The Climate Disclosure Standards Board’s framework is designed for reporting environmental impact information using similar parameters as financial information. CDSB integrates natural capital and climate change-related data into mainstream corporate reports. This helps organizations present investors with environmental information in their annual corporate report and enhances the decision-making process and efficient allocation of capital.
The framework can also help organizations understand how environmental issues affect their performance and the necessary actions they may be able to take to address the related risks and opportunities. It is for use by organizations such as single companies, or entities and corporate groups.
CDSB aims at standardizing environmental information reporting, and recognizes that information about natural capital and financial capital is equally essential for an understanding of corporate performance.
CDSB defines natural capital as: “All renewable and non-renewable environmental resources and processes that provide goods or services that support the past, current or future prosperity of an organization. It includes air, water, land, minerals and forests, biodiversity and eco-system health.”
The framework is organized around Guiding Principles and Reporting Requirements. The Guiding Principles are designed to ensure that environmental information in mainstream reports is useful for investor’s decision-making process, is correct and complete, supports assurance activities and is prepared by applying the principles of relevance and materiality. The environmental information is material if it is expected to have a significant impact on the organization’s financial condition and operational results.
The Reporting Requirements describe the type of environmental information that should be included in the mainstream reports, encourage standardized disclosure, and complement and supplement other data contained in those reports. The framework establishes 12 Reporting Requirements, including:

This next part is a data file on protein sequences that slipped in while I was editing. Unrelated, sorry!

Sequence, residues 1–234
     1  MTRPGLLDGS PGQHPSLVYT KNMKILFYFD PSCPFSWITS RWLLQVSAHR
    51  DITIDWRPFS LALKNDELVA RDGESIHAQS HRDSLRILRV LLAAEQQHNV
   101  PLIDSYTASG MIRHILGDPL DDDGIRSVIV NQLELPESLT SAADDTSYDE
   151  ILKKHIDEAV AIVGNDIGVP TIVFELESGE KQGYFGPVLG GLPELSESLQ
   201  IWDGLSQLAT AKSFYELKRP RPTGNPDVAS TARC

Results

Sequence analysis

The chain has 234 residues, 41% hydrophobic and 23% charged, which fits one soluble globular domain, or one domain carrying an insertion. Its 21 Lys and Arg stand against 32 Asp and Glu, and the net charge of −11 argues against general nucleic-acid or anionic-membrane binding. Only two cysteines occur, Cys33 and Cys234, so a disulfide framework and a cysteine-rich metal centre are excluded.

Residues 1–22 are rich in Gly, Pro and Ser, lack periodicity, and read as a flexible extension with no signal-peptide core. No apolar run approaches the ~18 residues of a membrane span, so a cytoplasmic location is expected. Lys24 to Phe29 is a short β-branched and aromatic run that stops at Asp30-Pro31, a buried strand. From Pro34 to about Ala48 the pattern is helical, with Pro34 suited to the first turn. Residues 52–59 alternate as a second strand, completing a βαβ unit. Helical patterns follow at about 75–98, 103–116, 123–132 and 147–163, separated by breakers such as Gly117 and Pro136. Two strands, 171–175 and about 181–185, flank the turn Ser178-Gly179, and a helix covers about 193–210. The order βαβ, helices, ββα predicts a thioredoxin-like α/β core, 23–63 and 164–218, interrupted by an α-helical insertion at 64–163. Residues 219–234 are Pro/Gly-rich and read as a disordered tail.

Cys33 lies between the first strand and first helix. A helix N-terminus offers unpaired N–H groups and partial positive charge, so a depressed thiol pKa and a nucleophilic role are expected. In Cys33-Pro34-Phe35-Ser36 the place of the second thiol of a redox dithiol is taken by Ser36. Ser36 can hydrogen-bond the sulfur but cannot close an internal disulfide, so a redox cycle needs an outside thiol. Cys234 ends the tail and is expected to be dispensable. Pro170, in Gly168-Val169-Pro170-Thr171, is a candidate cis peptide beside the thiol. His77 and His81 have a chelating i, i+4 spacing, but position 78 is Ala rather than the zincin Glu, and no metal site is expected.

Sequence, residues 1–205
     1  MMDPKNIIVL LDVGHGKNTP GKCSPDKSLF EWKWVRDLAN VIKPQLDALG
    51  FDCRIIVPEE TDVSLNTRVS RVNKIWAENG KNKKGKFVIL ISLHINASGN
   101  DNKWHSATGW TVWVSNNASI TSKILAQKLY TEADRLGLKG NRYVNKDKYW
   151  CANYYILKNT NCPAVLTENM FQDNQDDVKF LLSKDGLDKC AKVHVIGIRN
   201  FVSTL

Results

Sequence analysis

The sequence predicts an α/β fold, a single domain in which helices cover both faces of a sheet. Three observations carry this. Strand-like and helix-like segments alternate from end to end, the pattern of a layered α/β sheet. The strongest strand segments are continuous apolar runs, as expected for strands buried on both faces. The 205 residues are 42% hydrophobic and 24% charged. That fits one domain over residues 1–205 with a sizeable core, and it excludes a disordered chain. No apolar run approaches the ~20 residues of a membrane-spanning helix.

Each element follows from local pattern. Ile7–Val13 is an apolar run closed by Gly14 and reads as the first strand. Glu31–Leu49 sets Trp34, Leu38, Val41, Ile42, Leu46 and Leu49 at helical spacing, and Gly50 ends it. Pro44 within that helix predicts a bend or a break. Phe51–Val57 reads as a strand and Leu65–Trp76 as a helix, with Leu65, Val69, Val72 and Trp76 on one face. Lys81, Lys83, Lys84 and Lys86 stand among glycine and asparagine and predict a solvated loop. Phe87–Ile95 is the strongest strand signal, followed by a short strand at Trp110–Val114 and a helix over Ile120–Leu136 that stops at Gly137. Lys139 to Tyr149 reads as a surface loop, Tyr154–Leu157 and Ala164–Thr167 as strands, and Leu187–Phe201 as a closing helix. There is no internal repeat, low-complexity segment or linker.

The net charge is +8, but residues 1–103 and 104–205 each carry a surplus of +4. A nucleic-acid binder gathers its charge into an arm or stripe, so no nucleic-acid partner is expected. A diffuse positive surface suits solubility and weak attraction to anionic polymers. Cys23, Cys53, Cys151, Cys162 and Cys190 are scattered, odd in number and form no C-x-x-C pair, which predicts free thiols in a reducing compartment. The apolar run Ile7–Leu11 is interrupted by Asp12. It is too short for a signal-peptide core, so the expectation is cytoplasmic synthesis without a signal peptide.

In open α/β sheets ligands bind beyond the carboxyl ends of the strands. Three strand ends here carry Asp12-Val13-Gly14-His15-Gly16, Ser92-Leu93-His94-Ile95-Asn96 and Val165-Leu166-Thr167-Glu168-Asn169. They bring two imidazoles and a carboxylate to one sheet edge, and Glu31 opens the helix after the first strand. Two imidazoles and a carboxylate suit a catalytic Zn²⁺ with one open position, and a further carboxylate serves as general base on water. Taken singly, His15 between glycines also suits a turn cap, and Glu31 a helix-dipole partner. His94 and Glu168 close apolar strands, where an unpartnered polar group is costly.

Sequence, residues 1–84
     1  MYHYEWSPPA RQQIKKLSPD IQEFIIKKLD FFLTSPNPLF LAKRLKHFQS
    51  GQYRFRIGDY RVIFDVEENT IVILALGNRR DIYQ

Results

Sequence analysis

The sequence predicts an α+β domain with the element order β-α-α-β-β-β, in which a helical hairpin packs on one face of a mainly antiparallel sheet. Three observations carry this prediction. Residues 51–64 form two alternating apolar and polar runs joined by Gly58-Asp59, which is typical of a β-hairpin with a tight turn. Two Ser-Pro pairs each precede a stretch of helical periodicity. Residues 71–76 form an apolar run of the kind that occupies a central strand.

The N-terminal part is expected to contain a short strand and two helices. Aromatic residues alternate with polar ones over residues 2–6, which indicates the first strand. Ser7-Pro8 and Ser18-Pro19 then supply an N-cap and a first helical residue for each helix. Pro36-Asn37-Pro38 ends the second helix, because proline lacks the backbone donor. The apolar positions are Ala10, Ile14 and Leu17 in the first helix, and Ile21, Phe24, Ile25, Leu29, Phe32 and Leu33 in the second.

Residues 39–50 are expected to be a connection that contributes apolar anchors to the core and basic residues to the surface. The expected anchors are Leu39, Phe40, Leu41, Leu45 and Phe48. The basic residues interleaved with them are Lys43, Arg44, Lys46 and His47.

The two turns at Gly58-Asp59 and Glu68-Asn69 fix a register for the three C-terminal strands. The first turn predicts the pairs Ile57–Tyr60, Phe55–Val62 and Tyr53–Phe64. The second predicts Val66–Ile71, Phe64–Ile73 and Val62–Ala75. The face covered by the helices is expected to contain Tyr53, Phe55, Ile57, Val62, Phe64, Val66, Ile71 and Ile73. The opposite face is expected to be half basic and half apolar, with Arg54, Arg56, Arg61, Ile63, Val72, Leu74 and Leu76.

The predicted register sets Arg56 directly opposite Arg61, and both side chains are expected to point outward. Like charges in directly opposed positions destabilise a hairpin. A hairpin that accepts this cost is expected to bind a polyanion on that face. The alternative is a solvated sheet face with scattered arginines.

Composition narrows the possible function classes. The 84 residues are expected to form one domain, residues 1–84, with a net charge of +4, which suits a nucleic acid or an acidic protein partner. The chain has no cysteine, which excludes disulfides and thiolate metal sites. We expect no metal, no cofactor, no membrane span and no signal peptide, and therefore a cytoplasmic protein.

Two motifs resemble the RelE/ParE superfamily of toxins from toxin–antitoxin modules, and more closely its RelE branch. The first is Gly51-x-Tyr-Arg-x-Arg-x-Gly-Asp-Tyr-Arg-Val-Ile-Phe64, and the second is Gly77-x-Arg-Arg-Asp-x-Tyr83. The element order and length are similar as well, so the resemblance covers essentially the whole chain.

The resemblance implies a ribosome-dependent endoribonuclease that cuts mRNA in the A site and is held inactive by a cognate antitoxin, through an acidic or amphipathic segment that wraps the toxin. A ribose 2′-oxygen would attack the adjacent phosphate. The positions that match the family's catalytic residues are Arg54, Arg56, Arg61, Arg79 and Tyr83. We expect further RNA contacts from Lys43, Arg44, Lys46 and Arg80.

- Management’s environmental policies, strategy and targets
- Risks and opportunities
- Sources of environmental impact
- Performance and comparative analysis
- Organizational boundary
- Reporting policies
- Reporting period
The organization also offers resources such as online courses and case studies to help companies understand the topics associated with climate-related disclosures.
Self-evaluation encourages management to apply judgement to: (1) reflect the reality of the business, and (2) identify the information that is relative to the needs of investors, management and regulators.
The CDSB was formed at the World Economic Forum’s annual meeting in 2007 and builds on the activities of CDSB Board members including CDP, Ceres, the Climate Registry, the International Emissions Trading Association, the Sustainability Accounting Standards Board, the World Business Council for Sustainable Development, the World Economic Forum and the World Resources Institute. It is headquartered in London.
The first CDSB framework, called the Climate Change Reporting Framework, or CCRF, was released in 2010 and focused on the risks and opportunities that climate change presents to an organization’s strategy, financial performance and condition.
It required a company to determine what disclosures are made according to relevant categories, valuable to investors or could affect the organization’s strategy.
In 2013, the CDSB’s board expanded the scope of the framework beyond climate change and greenhouse gas emissions to encompass environmental information and natural capital.
The frameworks are now used by 374 companies in 32 countries across 10 industry sectors, including BT Group, Nestle and Coca Cola, and are referenced in seven stock exchanges across the world.
CDSB is aligned with the Task Force on Climate-related Financial Disclosures and SASB, with the intention of helping streamline the reporting cycle for many organizations. It also provides a method of compliance with environmental reporting legislation such as the U.K. Companies Act and the EU Non-financial Reporting Directive.
The CDSB framework can be found here.